Tuesday in the 18th Week of Ordinary Time (I)
The Buoyancy in Humility
Readings: Numbers 12:1-13; Psalms 51:3-4, 5-6ab, 6cd-7, 12-13; Matthew 14:22-36
It’s probably true that none of us in our right minds would have tried to do what Peter attempts in the gospel today. Yet isn’t it also true that we can quite easily identify with his desire? Although we may not be drawn literally to walk on water, don’t we wish we could, at least occasionally, rise above the heavy sea of our daily struggles? Don’t we sometimes find ourselves sinking in the midst of life’s difficulties, even as we wish someone like Jesus could swiftly come to our rescue, skimming gracefully across the waters’ surface and pulling us to safety? And don’t these dangerous waters make their appearance in many different forms?
Consider for example the story in the first reading. Although it’s set on land – in the Tent of Meeting to be exact – and not on water, isn’t it clear that Miriam and Aaron are both sinking in some way? Don’t they speak out against Moses not so much because he has done something inappropriate, but because they are jealous of him, envious of the high regard that the people have for him? Has the Lord spoken to Moses only? Has he not spoken to us too? Even though they may not literally be soaked, aren’t Miriam and Aaron both sinking into the depths of their own jealousy and envy? In contrast, isn’t Moses the one who skims the waters’ surface? Doesn’t he demonstrate his ability to rise above the justifiable anger and sense of betrayal he might feel so as to plead with God to show mercy on the very ones who stabbed him in the back?
What is it, then, that might keep us skimming instead of sinking? How do we avoid being engulfed by the heavy seas of life? In seeking an answer to this question, it’s helpful to remember that, by nature, the human body tends to float rather than sink. Why else do mobsters like the Sopranos on TV have to attach weights to their murdered victims before dumping them into the river? We only begin to sink when we try too hard, when we struggle to stay afloat on our own strength, when we forget to relax. Isn’t this what happens to Peter? He begins to sink only when he takes fright, when he forgets to relax and to trust in the One who beckons him.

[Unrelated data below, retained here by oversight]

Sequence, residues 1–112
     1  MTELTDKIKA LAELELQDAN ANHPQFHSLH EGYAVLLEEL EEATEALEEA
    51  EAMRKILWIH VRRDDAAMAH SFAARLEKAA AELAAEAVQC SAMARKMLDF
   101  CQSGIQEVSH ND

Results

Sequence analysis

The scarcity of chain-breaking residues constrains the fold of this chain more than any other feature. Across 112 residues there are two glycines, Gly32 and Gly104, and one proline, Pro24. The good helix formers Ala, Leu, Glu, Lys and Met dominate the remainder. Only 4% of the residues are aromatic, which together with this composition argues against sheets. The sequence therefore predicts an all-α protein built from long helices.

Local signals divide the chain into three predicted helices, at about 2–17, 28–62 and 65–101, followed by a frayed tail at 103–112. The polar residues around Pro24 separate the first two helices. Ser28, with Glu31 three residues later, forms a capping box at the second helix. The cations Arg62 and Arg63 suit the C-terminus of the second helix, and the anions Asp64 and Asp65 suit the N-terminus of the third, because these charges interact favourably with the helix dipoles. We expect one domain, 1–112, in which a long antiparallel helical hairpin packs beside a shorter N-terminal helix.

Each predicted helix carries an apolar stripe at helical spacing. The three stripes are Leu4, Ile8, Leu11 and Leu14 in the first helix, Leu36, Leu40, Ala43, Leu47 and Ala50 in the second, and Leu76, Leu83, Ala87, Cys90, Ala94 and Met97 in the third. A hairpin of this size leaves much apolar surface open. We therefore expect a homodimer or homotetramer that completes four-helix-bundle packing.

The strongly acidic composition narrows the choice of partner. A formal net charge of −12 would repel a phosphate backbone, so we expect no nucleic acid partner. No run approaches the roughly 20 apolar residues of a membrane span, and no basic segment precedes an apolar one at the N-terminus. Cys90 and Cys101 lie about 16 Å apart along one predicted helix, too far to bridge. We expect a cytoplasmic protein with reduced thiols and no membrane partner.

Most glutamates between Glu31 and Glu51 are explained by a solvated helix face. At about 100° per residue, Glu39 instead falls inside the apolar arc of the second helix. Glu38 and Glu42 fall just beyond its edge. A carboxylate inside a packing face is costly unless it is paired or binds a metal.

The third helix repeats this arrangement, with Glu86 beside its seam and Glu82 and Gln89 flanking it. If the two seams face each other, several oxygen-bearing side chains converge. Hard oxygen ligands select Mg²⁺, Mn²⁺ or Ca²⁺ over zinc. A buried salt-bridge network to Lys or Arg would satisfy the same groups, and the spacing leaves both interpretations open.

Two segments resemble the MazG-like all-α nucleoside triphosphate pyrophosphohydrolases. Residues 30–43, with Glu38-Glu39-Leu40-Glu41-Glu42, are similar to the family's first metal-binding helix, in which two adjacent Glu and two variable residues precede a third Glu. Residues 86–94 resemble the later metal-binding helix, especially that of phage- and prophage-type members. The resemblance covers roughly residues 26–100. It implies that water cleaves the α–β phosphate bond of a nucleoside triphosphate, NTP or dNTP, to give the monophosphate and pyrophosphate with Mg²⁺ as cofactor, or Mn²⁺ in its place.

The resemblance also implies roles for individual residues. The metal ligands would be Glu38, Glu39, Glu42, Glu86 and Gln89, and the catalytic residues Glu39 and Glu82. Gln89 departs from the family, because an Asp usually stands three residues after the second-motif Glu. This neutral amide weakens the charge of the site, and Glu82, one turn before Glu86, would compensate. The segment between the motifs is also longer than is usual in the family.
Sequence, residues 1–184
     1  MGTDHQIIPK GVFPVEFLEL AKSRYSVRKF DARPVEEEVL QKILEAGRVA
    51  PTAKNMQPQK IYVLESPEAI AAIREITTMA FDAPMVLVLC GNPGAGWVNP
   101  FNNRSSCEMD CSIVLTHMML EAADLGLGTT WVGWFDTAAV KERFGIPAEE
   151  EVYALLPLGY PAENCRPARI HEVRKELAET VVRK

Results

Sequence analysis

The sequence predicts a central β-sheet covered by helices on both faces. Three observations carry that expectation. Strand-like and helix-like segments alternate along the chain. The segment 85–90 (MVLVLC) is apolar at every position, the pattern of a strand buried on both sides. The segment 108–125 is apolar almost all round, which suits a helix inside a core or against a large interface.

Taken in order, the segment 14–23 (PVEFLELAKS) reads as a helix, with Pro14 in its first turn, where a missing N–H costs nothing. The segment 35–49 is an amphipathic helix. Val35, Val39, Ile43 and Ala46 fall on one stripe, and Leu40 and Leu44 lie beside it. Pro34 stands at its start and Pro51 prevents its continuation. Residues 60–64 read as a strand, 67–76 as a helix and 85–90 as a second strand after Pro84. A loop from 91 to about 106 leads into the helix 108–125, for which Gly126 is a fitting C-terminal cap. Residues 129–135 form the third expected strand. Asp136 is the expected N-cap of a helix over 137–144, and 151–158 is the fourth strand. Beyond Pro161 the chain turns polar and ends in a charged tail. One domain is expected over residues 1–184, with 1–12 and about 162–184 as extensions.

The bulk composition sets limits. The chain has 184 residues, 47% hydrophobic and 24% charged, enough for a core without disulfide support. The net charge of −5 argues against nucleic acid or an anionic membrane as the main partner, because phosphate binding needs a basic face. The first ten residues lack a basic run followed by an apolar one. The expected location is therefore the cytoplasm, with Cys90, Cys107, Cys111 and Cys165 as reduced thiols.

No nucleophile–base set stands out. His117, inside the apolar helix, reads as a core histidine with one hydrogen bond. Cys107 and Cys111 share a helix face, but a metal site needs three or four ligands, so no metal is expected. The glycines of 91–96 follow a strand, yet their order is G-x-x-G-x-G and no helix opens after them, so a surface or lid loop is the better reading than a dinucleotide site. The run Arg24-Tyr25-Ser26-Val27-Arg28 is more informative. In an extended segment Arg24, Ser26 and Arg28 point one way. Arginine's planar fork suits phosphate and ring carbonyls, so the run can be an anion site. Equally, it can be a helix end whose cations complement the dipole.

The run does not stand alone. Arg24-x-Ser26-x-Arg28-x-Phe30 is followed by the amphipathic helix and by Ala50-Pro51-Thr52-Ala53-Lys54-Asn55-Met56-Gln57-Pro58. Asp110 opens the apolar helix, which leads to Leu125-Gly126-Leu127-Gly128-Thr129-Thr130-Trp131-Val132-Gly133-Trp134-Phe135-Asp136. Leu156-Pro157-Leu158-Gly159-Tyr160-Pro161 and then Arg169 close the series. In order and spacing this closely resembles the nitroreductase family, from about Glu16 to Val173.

In contrast, first Moses and then, to a far greater degree, Jesus, are able not just to float, but even to skim the water’s surface, because they have learnt to place their lives in the hands of Someone else. The intimacy with God that they so carefully nourish by regularly spending time in prayer is manifested in how they allow God to be the centre of their lives and actions. Isn’t this what makes them so buoyant? Isn’t this what allows them to rise to the occasion time and time again? Their ability to float, and even to walk on the waters of life, springs from the virtue that is mentioned at the beginning of today’s first reading. In a word, they are humble. They know and live the truth. They know and live from their Source and towards their Goal.
How might we experience the buoyancy in humility today?